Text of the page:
From the early 1980’s Peter also became more deeply involved with the environmental protection movement, especially in the battle to save the wild Franklin River from being destroyed by a hydro dam. He was also active in organising mass street demonstrations opposing environmentally intrusive or dangerous industries and any activities that could threaten or destroy wilderness areas and public parks.

Media background & publications

In late 1990 and early 1991 the ABC created the program ‘Gardening Australia’ for national television. In 1995 he designed and planted the year round organic fruit and vegetable garden at the Royal Tasmanian Botanical Gardens. Peter remained the program’s host until late 2008 when he resigned to further other activities, particularly organic growing techniques, environmental protection and anti-war activities.

Peter continues to present a State-wide talkback on ABC Radio giving gardening advice every Saturday. He also continues to write columns and supply photographs for the ABC's ‘ORGANIC GARDENER’ magazine plus weekly columns for ‘THE WEEKLY TIMES’ and ‘SUNDAY TASMANIAN’.

Books and publications written by Peter include ‘YEAR ROUND GARDENING’ a non-paper gardening book printed on washable plastic for outdoor use, ‘SEASONAL TASKS FOR THE PRACTICAL AUSTRALIAN GARDENER’ and ‘PETER CUNDALL'S GUIDE TO ORGANIC GROWING’. He is now completing a series of memoirs consisting of anecdotes of parts of his life story blended with detailed advice on healthy eating and economic survival by means of home-grown organic vegetables and fruit.


Peter Cundall is the father of six sons (4 from a previous marriage) and a stepson. He lives with his wife Tina on a 3 hectare property in Tasmania's Tamar Valley. It has a large ornamental garden and highly productive, experimental organic vegetable and fruit gardens, including several hundred fruit trees, vines and berry plants.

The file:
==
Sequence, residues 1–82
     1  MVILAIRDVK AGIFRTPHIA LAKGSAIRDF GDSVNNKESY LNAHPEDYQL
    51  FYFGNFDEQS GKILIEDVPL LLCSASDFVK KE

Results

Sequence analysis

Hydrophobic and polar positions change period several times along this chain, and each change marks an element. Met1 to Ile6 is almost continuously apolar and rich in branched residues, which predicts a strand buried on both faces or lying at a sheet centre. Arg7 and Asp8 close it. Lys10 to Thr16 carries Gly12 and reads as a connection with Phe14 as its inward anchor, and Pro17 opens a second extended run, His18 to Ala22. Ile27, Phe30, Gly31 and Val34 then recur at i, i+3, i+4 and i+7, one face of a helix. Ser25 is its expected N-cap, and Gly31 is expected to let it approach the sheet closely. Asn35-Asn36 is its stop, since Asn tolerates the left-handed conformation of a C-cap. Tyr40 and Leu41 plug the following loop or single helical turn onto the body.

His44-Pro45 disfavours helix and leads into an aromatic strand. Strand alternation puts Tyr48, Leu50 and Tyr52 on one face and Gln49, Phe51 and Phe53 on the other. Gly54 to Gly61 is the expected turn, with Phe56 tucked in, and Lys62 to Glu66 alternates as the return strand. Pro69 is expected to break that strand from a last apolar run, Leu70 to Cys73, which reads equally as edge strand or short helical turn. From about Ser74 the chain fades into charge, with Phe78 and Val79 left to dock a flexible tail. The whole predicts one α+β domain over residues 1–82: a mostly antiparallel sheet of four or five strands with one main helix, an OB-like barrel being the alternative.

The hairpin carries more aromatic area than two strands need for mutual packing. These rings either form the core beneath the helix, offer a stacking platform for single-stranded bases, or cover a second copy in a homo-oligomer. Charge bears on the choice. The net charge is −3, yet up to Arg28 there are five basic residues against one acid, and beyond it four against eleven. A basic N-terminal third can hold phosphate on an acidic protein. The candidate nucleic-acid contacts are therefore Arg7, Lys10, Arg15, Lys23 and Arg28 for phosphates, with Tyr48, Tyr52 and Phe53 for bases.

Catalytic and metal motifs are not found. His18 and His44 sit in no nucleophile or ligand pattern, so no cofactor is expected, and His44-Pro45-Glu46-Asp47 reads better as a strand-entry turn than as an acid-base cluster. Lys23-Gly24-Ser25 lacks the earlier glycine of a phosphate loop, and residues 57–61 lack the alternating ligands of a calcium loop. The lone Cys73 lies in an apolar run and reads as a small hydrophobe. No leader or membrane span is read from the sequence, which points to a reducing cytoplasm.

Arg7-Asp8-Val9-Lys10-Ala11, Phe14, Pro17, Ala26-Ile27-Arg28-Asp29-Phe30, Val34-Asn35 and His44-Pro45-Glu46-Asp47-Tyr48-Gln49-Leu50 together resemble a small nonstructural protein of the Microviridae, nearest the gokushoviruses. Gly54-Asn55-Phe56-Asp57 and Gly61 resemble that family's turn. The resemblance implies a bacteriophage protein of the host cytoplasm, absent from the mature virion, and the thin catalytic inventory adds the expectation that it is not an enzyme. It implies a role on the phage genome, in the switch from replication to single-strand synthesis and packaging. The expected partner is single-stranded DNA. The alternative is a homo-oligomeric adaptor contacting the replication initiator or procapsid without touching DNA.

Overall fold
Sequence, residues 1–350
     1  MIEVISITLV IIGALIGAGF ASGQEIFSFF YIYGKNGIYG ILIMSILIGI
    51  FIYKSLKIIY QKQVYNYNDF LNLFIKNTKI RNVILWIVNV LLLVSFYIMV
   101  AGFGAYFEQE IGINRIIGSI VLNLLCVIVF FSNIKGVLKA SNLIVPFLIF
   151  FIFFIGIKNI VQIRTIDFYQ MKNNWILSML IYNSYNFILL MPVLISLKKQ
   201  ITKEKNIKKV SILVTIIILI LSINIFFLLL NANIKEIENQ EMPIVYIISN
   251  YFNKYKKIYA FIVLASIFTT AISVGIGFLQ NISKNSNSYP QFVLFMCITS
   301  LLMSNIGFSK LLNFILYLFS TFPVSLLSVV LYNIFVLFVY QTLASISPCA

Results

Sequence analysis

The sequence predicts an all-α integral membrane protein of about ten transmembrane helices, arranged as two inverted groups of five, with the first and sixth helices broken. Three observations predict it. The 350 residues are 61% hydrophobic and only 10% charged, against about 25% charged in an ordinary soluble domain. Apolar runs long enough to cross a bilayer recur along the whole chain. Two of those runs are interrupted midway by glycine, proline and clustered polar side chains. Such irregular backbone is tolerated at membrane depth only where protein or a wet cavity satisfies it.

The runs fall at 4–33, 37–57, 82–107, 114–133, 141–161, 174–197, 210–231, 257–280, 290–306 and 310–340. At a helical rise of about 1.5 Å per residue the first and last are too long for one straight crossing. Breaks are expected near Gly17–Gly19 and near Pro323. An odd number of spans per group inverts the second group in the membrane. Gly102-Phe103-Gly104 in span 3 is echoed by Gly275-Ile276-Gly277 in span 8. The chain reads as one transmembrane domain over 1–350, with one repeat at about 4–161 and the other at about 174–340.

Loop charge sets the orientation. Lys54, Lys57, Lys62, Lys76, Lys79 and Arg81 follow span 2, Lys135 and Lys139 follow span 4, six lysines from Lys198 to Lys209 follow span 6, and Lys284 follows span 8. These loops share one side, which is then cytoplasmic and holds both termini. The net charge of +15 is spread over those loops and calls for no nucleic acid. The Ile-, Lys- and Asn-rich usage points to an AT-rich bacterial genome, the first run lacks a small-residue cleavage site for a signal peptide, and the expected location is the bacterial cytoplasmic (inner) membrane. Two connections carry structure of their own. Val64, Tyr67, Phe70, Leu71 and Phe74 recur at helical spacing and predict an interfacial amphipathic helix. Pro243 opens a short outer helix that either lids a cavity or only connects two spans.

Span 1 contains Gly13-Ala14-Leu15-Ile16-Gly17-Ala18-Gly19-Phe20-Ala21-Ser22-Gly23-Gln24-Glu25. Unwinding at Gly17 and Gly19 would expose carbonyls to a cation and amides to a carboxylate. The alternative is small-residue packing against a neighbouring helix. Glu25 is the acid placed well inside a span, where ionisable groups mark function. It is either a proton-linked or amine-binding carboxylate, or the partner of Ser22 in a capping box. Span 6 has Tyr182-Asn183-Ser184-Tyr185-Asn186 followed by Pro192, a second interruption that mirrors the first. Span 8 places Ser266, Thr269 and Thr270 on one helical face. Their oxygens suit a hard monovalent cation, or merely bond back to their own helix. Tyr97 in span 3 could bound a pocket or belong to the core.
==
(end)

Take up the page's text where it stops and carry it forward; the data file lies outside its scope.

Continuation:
War Veteran Support

Peter’s experiences an infantry soldier during three wars have made him a passionate, anti-war activist.

However he has always been a strong supporter of war veterans, especially those suffering psychological problems as a result of their experiences on active service.

Over the last 3 years has been conducting totally free, therapeutic gardening workshops for all returned veterans and their families while assisting in the development of veteran’s community food gardens.


Peter Cundall has now become deeply involved in the most urgent and critically-important campaigns of all, for urgent population control and to prevent the delicate balance of the earth’s climate from being permanently disrupted due to the uncontrolled release of human-caused greenhouse gases into the atmosphere.


Among honours and awards he has received the following are included:

  • Appointed Envoy to the Save the Children Fund in 1994
  • Appointed Member of the Order of Australia (AM) 2007
  • Senior Australian of the Year (Tasmania) 2005
  • Australian Humanitarian Award 2005
  • Older People Speak Out (People’s Choice) Media Award 2006
  • Australian Humanist of the Year 2006.
  • Australian of the Year (Tasmania) 2009